Regarding the real application of catalytic ozonation for enteric pathogens removal, it seems that the low-cost material usage and the improvement on the efficiency of the ozonation process regarding energy consume can be considered a suitable option to promote the disinfection of actual wastewater.
The volcanic rock is considered a low-cost catalyst since can be found abundantly in volcanic areas and no sophisticated preparation procedures are required such as those necessary for the preparation of traditional catalysts. While for the typical catalysts, precursors and solvents are needed—besides washing, drying and calcination steps (involving energy costs)—in this case, only a washing procedure would be needed. Of course, the environmental damage due to the rock’s extraction should be considered. However, all catalysts based on metals require metal precursors that are produced using mining products as raw materials. Also, mining presents an important environmental impact. Still, since volcanic areas are specific and usually protected, the full-scale application of this technology will require an environmental impact assessment.

4. Conclusions

Single and catalytic ozonation using a low-cost volcanic rock catalyst were tested to promote the disinfection of E. coli, norovirus genotype I and II, and JC polyomavirus from a secondary municipal wastewater. Disinfection of E. coli was efficient for both treatments, which revealed an ozone disinfection character. Moreover, the presence of a low-cost catalyst allowed for the reduction in the TOD required for E. coli abatement compared to the single ozonation process. In fact, for single ozonation, it was possible to verify some fecal bacteria regrowth after the treatment, whereas for catalytic ozonation, E. coli regrowth was not detected. This means that the low-cost material allowed more efficient disinfection and reduced the required ozone amount. The main reason for this improvement is the formation of hydroxyl radicals during catalytic ozonation. Regarding the removal of the identified virus in the municipal wastewater, norovirus genotype I and II were removed in both conditions after 150 min of treatment. However, the JC polyomavirus, which is characterized by its circular dsDNA genome, was only completely removed by the catalytic ozonation process. Thus, the combination of the catalyst provided from a natural source and ozone potentiate disinfection.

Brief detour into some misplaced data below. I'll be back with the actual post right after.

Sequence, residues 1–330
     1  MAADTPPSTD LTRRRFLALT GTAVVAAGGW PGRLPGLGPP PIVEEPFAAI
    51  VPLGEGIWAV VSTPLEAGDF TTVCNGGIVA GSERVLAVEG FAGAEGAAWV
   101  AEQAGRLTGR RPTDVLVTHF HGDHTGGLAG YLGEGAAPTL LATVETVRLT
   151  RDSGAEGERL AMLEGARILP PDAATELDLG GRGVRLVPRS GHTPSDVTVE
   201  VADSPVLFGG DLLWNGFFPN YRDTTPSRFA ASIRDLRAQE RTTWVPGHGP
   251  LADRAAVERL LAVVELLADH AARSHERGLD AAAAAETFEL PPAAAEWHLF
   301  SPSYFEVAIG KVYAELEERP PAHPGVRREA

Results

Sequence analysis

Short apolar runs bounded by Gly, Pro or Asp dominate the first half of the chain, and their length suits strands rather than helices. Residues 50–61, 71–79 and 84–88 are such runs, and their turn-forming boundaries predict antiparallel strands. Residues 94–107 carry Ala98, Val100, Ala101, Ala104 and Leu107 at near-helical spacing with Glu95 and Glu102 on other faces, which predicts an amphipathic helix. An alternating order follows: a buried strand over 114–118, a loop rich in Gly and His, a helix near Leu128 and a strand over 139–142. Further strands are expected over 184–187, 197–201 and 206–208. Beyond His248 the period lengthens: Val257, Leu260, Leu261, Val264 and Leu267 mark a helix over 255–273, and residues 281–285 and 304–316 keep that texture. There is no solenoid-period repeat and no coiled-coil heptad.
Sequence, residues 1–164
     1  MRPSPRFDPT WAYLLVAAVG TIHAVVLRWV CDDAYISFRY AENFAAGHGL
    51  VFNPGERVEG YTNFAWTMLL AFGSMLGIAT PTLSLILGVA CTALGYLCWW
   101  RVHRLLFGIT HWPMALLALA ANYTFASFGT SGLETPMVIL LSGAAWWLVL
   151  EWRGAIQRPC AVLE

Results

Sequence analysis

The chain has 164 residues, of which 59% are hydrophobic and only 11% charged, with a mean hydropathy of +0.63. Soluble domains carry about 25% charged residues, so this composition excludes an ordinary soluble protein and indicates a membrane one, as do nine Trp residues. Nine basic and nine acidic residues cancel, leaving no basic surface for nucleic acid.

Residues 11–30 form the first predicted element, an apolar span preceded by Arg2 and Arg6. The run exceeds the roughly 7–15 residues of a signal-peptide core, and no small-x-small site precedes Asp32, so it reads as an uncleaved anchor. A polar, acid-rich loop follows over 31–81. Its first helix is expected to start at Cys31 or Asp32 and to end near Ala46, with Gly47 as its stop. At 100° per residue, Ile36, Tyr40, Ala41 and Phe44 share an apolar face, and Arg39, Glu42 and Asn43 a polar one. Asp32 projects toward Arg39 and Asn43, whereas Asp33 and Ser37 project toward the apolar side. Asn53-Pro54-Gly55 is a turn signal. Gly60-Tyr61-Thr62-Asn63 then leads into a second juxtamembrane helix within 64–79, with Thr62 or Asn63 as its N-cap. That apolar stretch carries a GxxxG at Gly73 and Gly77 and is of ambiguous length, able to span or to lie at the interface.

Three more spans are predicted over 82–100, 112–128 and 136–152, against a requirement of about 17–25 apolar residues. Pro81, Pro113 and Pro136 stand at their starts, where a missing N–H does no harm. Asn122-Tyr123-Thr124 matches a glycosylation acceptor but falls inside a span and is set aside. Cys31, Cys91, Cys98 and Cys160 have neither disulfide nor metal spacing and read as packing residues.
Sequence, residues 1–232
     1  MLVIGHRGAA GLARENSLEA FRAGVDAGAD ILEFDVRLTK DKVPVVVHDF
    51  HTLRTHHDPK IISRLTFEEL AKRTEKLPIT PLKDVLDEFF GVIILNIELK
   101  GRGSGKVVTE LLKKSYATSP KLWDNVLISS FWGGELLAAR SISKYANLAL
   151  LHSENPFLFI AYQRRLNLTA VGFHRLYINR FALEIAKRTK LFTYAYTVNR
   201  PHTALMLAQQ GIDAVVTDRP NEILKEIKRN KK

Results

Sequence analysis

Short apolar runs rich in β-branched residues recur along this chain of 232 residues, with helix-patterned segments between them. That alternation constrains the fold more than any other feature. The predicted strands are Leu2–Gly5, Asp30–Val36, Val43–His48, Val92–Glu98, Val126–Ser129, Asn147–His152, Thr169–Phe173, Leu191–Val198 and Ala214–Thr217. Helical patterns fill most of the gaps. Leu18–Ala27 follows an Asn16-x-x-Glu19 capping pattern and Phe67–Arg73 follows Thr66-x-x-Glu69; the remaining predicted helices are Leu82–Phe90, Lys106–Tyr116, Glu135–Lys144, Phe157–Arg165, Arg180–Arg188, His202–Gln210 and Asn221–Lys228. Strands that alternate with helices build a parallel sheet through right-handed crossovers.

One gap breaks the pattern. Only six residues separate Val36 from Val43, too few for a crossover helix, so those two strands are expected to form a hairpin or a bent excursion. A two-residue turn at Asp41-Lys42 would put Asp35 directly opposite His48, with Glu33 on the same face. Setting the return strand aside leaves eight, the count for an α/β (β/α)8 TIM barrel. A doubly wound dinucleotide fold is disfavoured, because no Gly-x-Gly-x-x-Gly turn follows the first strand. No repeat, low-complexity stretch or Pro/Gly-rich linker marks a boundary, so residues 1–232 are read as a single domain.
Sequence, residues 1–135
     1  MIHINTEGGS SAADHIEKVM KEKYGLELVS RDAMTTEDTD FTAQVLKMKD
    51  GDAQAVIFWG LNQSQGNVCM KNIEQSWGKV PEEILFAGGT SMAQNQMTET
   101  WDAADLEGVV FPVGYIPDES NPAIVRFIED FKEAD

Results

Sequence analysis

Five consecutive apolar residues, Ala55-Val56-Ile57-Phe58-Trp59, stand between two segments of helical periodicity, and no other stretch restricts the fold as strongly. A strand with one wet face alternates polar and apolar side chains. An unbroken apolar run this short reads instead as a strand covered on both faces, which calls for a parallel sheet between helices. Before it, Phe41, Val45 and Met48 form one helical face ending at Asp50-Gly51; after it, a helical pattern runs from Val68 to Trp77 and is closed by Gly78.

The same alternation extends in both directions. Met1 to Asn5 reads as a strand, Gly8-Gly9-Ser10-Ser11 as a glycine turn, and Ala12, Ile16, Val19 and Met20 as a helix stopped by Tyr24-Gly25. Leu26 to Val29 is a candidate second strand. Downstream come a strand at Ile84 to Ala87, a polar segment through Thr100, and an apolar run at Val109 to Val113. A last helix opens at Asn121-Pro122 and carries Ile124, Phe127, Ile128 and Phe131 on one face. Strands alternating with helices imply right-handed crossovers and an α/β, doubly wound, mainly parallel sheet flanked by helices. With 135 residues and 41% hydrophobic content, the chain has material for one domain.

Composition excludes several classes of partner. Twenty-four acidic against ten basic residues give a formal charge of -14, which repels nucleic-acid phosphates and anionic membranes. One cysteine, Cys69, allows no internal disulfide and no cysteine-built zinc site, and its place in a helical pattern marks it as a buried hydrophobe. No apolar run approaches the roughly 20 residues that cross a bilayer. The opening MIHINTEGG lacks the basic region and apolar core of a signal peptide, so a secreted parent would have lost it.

Regarding the economic analysis, the presence of a catalyst allows a reduction in terms of ozone amount, which will represent a lower impact in terms of ozone production costs. Thus, the low-cost catalyst makes this an interesting process for wastewater disinfection and water reclamation.

Author Contributions

Conceptualization, J.G., A.M., and R.C.M., data curation, D.F. and A.M.; writing—original draft preparation, J.G., D.F.; writing—review and editing, A.M., R.M.Q.-F., and R.C.M.; supervision, R.M.Q.-F. and R.C.M.; project administration, R.C.M.; funding acquisition, R.C.M.

Funding

The authors gratefully acknowledge Fundação para a Ciência e Tecnologia by the financial support under IFCT2014 programme (IF/00215/2014) with financing from the European Social Fund and the Human Potential Operational Programme

Conflicts of Interest

The authors declare no conflict of interest. The funders had no role in the design of the study; in the collection, analyses, or interpretation of data; in the writing of the manuscript, or in the decision to publish the results.

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Figure 1. E. coli concentration using single and catalytic ozonation as function of TOD (using log10scale).
Figure 1. E. coli concentration using single and catalytic ozonation as function of TOD (using log10scale).
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Figure 2. E. coli concentration using wastewater and volcanic rock as a function of time (−20 to 0 min without oxygen and from 0 min bubbling O2, using log10 scale).
Figure 2. E. coli concentration using wastewater and volcanic rock as a function of time (−20 to 0 min without oxygen and from 0 min bubbling O2, using log10 scale).
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Figure 3. Initial and final virus concentration after single ozonation, catalytic ozonation, and contact with the catalyst.
Figure 3. Initial and final virus concentration after single ozonation, catalytic ozonation, and contact with the catalyst.
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Table 1. TOD value through each treatment (single and catalytic ozonation).
Table 1. TOD value through each treatment (single and catalytic ozonation).
OzonationCatalytic Ozonation
Time (min)TOD (mgO3/L)TOD (mgO3/L)
00.000.00
3014.412.3
6025.021.3
9034.829.9
12044.739.0
15054.748.5